Bobsleigh champ Humphries plays avid Leafs’ fan for a night
Yankees slugging legend Reggie Jackson earned the nickname “Mr. October” for his big hits in the playoffs.
Kaillie Humphries could well become “Ms. February.”
Okay guys, get your minds out of the gutter.
The moniker in this instance applies to Humphries’ ability to deliver clutch wins at the big events. Think about it: she won Olympic gold in women’s bobsleigh at just 24 years old and this past weekend in Lake Placid added a world title to her resume. Not only that, she won both times by whopping margins.
Considering that bobsleigh generally tends to favour the veteran pilot, the upside for Humphries as she heads towards the 2014 Sochi Olympics is impressive. Just don’t ask her to explain her ability for clutch performances when the stakes are highest.
“I have no idea,” she said. “I don’t know how I do it. I don’t know how it works. That part I can’t really tell you. I guess genetics, my mental makeup, how I’ve been trained, what I’ve learned. I’m a very pro-active person. If I don’t know something, I reach out to the best to try to figure it out.”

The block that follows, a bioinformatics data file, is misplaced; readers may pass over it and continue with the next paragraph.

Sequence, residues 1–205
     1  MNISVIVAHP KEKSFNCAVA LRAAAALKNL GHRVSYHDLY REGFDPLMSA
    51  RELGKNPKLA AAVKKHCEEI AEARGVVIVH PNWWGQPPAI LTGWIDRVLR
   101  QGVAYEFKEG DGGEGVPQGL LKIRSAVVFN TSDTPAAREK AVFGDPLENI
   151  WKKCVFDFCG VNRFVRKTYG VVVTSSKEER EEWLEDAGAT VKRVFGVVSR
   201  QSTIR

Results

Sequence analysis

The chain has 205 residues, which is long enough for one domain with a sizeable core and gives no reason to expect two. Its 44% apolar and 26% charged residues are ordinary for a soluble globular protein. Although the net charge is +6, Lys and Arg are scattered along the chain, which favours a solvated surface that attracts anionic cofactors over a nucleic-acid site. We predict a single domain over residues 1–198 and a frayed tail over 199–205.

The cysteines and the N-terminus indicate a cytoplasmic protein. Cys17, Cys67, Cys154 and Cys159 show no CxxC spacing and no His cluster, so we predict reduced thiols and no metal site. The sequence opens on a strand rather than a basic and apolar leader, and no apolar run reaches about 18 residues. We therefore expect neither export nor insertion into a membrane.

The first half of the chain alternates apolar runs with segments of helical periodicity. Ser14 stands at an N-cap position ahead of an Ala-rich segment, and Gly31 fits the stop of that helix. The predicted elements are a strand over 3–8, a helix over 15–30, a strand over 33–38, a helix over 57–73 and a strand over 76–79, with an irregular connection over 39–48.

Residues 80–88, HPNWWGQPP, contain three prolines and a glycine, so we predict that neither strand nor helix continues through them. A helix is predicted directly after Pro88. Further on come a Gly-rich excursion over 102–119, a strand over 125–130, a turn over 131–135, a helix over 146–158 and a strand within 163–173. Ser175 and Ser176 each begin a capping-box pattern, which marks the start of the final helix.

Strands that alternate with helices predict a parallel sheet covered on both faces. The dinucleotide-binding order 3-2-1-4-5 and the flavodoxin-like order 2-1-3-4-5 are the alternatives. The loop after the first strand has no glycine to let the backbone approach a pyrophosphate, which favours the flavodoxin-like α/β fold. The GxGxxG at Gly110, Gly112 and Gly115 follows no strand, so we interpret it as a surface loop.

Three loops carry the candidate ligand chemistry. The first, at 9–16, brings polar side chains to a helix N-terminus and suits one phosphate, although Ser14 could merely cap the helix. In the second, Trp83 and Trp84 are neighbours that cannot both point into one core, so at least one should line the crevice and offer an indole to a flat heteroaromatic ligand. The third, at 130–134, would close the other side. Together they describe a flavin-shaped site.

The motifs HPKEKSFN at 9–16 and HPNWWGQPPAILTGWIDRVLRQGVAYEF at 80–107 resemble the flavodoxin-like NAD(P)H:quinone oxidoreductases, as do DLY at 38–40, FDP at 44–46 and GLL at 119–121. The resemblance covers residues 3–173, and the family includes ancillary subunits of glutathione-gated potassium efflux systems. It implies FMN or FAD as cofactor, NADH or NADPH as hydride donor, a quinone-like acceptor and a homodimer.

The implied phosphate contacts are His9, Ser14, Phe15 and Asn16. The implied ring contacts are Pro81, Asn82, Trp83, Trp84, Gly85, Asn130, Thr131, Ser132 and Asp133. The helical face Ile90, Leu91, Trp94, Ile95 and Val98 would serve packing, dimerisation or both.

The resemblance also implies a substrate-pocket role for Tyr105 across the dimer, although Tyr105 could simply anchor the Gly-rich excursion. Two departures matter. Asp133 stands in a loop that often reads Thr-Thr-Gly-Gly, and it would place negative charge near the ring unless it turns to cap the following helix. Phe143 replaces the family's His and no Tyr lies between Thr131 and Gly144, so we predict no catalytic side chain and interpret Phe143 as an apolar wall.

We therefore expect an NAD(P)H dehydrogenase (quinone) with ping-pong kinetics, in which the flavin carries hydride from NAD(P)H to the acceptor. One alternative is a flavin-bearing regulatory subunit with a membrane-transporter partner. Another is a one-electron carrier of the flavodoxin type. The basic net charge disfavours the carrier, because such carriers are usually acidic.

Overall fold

Humphries is in Toronto today with her latest hardware and will be taking in the Maple Leafs/New Jersey tilt tonight at the Air Canada Centre.
She may not want this to reach her friends out West, but she’ll be cheering for the Leafs.
“Born and raised in Calgary, I am a Flames’ fan,” she said. “But I will also say I am a Canucks’ fan because after the Olympics they were very sweet to me. Tonight, I will be a Leafs’ fan because they’re playing New Jersey. I’m Canadian, I’ve got to pick the home team. Tonight I’m an avid, huge Leafs’ fan.”
It’s mentioned to Humphries that the Leafs could maybe use a pep talk from a newly minted world champion.
“That’d be sweet. I’d love that.”
What would you tell them?
“Oh man, I don’t know, I’d have to think about about it. Kick ass? Play your hearts out? An athlete is an athlete. They’ve reached the position they’re in for a reason. You need to believe in that. They need to believe in each other as a team and they need to trust that everyone on the team is going to do their best for that night, for that moment, for that second. You’re giving your best and if everyone gives their best, the team will be the best. Trust in that. Believe in that. Do the job like you know how to do it.”